Everyone loves a good story, and writers of many kinds use narrative techniques to get their message across. A recent Points of View article (Krzywinski and Cairo, Nat. Methods 10, 687, 2013) described how techniques of storytelling, such as a structured story arc, can effectively guide the presentation of scientific data in figures. But as pointed out in a Correspondence by Katz (p. 1045, this issue), the notion of communicating scientific information by storytelling can be taken too far.

The hypothetical scientist such as the one described by Katz, who allows a desired storyline to improperly influence experiments and who “embellishes” and “obfuscates” results, is clearly operating in a highly undesirable, even unethical, manner. But it is worth distinguishing between the use of rhetorical techniques as a tool for conveying information versus treating the telling of a scientific story as an end in itself.

Even so, are rhetorical techniques more likely to impede, rather than enable, a proper understanding of data? Should storytelling—setting the stage for the importance of an experiment, presenting the reader with an unknown or an unsolved problem, and interweaving interpretation with the reporting of results—have a role in communicating scientific results at all?

One may argue that in an idealized scholarly world, scientists should avoid storytelling. They should instead describe their original hypothesis, detail their experiments in the order conducted and present the data in the rawest form reasonable for interpretation. At the end they should state their conclusions.

But there are many problems with this scenario. Scientists are not automata and, in today's world, operate under substantial time pressures. Even if the scientist's colleagues in this idealized setting had the patience and time to navigate through a long, uninterpreted, purely factual exposition and to sufficiently grasp what was done and its significance, it would still be a cripplingly inefficient process. Furthermore, to borrow from the title of science historian Steven Shapin's recent book of essays, science is conducted by people “situated in time, space, culture and society, and struggling for credibility and authority.” An argument for papers written purely as a factual blow-by-blow account of experiments does not sufficiently take into account this reality.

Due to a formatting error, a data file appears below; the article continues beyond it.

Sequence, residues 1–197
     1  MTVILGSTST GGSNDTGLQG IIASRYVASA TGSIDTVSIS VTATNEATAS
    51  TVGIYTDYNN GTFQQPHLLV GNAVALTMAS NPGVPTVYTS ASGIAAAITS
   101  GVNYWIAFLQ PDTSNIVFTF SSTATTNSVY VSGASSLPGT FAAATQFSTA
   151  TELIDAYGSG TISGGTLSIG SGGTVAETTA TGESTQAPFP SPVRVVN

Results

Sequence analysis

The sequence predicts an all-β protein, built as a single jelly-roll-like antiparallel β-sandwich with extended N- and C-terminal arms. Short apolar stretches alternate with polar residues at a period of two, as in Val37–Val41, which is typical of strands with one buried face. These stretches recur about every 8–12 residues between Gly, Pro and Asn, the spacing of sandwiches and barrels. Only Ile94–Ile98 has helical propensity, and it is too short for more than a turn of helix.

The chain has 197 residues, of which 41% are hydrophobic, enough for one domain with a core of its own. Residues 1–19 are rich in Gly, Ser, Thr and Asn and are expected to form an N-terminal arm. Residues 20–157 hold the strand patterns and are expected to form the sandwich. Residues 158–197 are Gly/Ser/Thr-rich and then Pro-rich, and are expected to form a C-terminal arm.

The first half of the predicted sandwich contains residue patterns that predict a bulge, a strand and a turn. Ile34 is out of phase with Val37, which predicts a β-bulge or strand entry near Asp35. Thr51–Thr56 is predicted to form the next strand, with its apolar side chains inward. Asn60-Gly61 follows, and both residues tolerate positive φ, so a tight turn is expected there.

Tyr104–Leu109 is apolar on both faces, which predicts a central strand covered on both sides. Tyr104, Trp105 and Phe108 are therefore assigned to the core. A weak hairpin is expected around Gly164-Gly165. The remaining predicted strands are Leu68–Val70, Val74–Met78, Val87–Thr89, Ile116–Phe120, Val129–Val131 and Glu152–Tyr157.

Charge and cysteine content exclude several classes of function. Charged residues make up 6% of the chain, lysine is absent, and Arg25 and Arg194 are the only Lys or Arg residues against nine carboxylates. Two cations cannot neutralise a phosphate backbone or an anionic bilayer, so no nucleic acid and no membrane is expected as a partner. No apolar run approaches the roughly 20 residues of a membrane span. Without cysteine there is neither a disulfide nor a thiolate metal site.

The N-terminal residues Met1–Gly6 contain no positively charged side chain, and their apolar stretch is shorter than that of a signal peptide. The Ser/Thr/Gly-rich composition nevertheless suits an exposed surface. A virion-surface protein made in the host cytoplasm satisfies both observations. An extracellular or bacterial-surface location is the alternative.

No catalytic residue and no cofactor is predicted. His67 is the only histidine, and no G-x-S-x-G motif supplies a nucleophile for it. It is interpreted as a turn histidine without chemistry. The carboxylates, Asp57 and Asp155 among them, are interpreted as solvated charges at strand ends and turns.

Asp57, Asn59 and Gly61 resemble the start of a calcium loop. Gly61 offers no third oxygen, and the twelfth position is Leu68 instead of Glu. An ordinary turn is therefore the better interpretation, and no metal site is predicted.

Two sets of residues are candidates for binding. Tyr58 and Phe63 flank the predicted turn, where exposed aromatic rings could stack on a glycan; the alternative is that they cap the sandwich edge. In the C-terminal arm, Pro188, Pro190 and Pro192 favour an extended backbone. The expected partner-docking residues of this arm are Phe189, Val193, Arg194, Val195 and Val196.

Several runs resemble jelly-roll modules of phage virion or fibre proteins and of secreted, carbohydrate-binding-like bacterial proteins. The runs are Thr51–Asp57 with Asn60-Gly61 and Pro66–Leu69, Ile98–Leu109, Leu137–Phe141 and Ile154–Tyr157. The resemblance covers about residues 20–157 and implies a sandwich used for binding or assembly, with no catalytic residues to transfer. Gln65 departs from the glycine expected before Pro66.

Finally, a scientific paper is not a glorified laboratory notebook, that is, simply a record of what was done. Rather, it must place the research into a larger scientific context in addition to communicating the results and explaining its author's conclusions to other researchers so that they can assess and build on the findings.

Watson and Crick's Nature paper was a single page with one figure, no data and no methods—effectively a story, but a powerful one. Most research papers are far more extensive, but authors often shape the narrative to convey their arguments, presenting experiments in an order different from that in which they were conducted and leaving out aborted lines of inquiry and failed experiments. Some such liberties will be necessary to prevent readers from becoming hopelessly lost: research is a road on which one may take many wrong turns before a productive direction is found, and rarely must the reader also follow that process.

But there will be cases in which failed experiments bring a necessary nuance to the data, suggesting weaknesses in the argument or settings where the conclusions are questionable. Omission of such information may be unjustifiable. What is more, authors can easily segue into frank cherry-picking of data to support a desired conclusion, a practice that goes against the deepest goals of scientific research.

The rise of supplementary information has served an important function in providing a place for failed experiments and negative or unexplained results. Efforts by publishers to integrate supplementary information into the online version of the manuscript can crucially expose these data to readers without compromising a manuscript's narrative. But hard limits on supplementary information or efforts to eliminate it altogether could complicate a paper's narrative or, alternatively, whittle it down to a tightly told story with little room for more than one interpretation.

Determining how to handle data that do not fit a particular narrative and deciding how to describe one's results takes judgment; notably, this is judgment of a scientific, not a rhetorical, nature. When such a judgment is well made, exploiting the full range of one's abilities for exposition may illuminate, rather than hide, nuance in the results. After all, in science and out of it, the most interesting stories are often the complex, multilayered ones.